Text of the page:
Yet as manufacturing began, the bioreactor manufacturing team observed consistently lower performance at one specific manufacturing site. Bioreactor culture growth and final product titer were just within acceptable limits, whereas levels at other sites were well within.  

To replicate and investigate the differences between sites, the development team spent months creating scale-down models in laboratory and pilot bioreactor cultures. One potential cause they investigated was a failure to follow processes correctly on the manufacturing side; unsurprisingly, the relationship between development and manufacturing suffered as a result. 

Finally, deeper investigation using an Ishikawa (fishbone) diagram fleshed out with some small manually aligned and pooled datasets identified that raw material might be a primary cause. Fed-batch bioreactor cultures require many raw materials over the duration of the production run, and differences in these raw materials can contribute to significant variability.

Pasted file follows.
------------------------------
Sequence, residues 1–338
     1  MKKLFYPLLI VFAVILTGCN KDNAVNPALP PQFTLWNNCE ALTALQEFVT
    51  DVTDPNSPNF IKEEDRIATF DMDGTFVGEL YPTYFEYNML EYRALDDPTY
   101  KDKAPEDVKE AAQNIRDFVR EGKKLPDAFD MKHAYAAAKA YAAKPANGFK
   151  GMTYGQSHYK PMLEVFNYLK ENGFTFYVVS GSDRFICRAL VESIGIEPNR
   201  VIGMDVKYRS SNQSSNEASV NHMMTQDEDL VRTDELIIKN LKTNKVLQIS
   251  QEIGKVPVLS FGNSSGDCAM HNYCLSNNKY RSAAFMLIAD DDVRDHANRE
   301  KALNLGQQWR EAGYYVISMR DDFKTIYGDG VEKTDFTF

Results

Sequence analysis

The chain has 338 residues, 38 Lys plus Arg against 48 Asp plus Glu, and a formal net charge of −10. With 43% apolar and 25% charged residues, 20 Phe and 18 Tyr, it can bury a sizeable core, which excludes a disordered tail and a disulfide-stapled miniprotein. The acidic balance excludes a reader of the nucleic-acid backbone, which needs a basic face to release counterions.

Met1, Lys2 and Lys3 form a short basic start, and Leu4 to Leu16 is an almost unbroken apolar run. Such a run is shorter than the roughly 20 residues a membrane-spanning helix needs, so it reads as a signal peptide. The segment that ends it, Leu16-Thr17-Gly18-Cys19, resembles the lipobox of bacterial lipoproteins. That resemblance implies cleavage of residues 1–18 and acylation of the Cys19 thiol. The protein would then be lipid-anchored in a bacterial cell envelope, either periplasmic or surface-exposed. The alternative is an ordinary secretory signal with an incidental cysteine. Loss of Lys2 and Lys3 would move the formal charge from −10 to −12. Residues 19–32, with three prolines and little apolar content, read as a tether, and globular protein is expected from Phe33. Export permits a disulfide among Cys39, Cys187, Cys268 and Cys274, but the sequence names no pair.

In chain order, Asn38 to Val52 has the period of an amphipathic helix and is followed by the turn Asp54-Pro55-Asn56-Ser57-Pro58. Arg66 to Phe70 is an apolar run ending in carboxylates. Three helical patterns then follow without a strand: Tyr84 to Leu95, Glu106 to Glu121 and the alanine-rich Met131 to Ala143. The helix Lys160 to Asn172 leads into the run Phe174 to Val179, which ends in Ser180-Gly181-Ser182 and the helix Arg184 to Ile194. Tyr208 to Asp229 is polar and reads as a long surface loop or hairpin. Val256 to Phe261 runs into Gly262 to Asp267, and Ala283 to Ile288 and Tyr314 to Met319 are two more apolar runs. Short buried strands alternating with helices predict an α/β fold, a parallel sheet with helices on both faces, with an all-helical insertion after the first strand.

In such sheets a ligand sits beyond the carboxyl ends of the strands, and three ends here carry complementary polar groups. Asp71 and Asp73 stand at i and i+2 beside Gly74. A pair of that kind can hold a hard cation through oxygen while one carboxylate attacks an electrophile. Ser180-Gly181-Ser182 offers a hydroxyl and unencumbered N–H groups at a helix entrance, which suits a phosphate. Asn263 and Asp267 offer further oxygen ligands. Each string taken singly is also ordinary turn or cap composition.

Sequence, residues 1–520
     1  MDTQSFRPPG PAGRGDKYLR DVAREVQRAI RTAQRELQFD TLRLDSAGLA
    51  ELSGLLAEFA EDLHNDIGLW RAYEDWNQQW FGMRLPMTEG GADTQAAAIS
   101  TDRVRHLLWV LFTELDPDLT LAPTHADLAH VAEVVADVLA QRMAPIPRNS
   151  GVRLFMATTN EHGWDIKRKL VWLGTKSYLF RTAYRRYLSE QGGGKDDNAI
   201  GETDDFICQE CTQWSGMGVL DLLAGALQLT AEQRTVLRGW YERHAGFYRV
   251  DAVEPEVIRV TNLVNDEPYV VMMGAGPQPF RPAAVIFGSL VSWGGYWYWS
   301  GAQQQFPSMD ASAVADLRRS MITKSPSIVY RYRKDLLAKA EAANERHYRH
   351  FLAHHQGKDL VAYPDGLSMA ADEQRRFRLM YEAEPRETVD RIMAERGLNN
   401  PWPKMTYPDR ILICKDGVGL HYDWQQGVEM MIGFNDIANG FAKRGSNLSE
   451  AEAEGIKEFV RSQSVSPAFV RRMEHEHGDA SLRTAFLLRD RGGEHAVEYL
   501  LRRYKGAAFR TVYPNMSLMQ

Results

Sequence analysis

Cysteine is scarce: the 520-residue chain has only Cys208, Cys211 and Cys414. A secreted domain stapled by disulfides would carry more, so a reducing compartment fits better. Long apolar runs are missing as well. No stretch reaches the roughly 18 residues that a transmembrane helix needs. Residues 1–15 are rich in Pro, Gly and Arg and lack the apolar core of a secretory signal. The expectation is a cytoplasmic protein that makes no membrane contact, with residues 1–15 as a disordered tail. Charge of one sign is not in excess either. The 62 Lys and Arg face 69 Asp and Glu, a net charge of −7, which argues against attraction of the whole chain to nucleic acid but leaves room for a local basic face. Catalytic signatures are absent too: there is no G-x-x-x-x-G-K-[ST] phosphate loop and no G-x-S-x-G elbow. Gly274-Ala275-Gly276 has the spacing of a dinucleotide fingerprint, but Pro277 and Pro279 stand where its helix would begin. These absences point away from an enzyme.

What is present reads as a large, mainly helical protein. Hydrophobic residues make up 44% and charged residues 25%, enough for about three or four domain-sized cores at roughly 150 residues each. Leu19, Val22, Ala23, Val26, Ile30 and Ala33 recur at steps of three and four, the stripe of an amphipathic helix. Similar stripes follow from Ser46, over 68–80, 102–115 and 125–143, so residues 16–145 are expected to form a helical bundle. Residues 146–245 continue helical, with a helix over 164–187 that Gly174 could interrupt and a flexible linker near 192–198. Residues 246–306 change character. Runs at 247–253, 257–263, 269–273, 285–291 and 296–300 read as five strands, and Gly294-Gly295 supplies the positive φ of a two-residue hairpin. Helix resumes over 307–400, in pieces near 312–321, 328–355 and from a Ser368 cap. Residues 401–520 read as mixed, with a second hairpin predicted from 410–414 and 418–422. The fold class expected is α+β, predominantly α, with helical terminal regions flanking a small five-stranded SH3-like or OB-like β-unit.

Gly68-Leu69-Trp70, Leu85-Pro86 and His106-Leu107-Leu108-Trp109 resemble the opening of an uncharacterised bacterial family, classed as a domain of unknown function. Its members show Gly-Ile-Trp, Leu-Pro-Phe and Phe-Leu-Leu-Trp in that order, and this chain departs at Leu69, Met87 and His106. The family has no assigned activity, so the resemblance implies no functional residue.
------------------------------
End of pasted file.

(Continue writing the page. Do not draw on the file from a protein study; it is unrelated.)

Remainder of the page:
After several expensive scale-down runs using materials sourced directly from the problem site, material variability was eventually shown to be the problem. Further investigation eventually identified the exact raw material, but not soon enough: manufacturing had already shifted the supply chain to ship all raw materials from a well-performing location.  

In this instance, tech transfer checked all the right regulatory boxes. Data were entered carefully and in the right place using Excel, Word, the electronic lab notebook (ELN) and the laboratory information system (LIMS). Results were dutifully captured and signed-off on as being valid. But the results data were often missing an important ingredient: context.  

Actions and records must be combined and synthesized to generate scientific understanding. This investigation involved joining several databases and creating new SQL queries to develop a rudimentary material and culture genealogy. Tracing those genealogies was harder than it needed to be because results data was poorly labeled and contextualized. 

Imagining a New Blueprint for Tech Transfer